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Joyce E. Penner
Frederick M. Luther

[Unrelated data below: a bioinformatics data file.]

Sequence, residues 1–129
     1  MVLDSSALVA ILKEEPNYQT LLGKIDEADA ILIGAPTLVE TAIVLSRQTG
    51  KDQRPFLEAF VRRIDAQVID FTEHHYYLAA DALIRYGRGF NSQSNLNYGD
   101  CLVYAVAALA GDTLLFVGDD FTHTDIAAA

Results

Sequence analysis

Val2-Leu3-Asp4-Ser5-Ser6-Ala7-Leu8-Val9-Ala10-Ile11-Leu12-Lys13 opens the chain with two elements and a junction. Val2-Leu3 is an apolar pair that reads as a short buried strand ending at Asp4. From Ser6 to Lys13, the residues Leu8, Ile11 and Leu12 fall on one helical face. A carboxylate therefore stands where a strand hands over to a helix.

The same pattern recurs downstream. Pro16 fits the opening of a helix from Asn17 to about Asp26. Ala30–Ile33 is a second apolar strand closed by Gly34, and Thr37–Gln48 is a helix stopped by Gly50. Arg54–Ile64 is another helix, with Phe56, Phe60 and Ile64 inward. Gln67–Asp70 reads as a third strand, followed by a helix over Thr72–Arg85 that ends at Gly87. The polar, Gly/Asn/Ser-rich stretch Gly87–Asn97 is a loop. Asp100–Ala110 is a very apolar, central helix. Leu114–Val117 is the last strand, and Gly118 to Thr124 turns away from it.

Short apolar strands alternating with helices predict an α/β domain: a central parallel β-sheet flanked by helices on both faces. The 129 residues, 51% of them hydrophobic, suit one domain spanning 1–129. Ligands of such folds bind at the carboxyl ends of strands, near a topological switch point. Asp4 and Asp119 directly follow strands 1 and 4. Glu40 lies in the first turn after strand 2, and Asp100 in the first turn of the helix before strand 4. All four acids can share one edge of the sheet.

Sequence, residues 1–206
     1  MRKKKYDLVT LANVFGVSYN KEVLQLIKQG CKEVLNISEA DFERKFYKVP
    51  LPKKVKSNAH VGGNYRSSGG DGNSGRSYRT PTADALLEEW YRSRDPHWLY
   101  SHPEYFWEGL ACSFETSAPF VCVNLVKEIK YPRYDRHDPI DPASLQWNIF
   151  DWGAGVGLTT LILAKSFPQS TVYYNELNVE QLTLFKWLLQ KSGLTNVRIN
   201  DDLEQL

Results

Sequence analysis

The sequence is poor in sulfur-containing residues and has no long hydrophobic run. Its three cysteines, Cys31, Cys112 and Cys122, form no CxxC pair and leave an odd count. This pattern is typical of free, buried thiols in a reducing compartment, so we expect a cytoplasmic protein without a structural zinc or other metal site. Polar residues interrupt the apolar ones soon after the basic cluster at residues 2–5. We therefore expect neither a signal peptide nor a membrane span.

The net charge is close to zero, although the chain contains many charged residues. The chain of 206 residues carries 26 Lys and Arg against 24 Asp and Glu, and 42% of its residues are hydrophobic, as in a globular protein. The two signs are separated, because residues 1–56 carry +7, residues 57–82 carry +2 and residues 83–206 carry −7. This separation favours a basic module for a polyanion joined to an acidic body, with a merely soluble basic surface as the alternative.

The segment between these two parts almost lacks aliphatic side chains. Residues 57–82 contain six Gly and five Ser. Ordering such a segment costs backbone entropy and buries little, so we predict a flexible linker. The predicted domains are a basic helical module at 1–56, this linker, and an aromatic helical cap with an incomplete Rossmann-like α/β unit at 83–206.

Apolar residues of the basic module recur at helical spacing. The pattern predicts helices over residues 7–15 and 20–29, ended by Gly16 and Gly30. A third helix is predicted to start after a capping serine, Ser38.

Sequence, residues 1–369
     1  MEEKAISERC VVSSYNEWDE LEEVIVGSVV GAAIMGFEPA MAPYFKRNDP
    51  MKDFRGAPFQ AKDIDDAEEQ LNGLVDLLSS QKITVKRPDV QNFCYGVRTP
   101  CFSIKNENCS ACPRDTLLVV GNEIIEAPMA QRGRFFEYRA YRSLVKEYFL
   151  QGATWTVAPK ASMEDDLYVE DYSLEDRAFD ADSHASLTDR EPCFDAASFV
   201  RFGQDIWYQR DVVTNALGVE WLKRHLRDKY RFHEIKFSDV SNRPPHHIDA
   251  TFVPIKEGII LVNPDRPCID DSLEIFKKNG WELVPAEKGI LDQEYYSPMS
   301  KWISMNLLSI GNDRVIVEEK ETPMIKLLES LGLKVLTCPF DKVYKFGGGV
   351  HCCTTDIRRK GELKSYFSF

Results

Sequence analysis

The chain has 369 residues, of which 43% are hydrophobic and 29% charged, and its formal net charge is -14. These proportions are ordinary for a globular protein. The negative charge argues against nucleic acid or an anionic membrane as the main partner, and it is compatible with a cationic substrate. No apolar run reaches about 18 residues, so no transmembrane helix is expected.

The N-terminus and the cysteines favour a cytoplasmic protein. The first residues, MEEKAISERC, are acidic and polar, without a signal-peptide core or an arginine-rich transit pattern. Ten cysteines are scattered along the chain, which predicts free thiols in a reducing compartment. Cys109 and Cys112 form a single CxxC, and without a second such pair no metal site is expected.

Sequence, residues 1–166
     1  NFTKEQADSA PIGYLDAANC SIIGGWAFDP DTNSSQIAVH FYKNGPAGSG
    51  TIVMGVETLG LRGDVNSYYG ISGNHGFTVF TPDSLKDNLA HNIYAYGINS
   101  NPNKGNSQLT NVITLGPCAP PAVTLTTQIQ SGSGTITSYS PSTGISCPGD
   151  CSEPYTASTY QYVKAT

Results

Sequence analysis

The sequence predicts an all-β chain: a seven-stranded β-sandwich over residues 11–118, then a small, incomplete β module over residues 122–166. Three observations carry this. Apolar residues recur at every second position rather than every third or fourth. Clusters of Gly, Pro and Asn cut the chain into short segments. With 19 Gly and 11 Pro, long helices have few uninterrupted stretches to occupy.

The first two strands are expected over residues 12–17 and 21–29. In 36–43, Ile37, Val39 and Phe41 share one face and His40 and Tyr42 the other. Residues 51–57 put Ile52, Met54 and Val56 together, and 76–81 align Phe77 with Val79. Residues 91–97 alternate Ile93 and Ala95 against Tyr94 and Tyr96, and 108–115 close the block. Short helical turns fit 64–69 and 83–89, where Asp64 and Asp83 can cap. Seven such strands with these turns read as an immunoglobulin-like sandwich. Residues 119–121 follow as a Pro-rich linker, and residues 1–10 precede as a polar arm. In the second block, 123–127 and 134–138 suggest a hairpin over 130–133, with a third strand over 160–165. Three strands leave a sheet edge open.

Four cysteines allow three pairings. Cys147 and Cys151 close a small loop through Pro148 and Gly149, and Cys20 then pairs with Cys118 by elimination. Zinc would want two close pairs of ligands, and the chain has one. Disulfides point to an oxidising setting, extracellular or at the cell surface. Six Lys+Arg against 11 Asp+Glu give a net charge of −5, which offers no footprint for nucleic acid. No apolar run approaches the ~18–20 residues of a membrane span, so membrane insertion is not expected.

Calculated perturbations to stratospheric ozone are generally thought to be reduced when temperature feedback is included in the model. We find that when self-consistent hydrostatic adjustment is included with temperature feedback, there can be significant differences in the computed change in local ozone concentration. We present results in two frames of reference (changes in ozone at constant altitude and changes at constant pressure) to illustrate the importance of the frame of reference. Including hydrostatic adjustment is particularly important for calculations of the change in local ozone at constant altitude due to CFM, CO2 and H2O perturbations because large changes in the temperature structure are predicted. Only small differences are computed for increases in N2O. Air density adjustment in a constant pressure frame of reference is important when local temperature changes are large.

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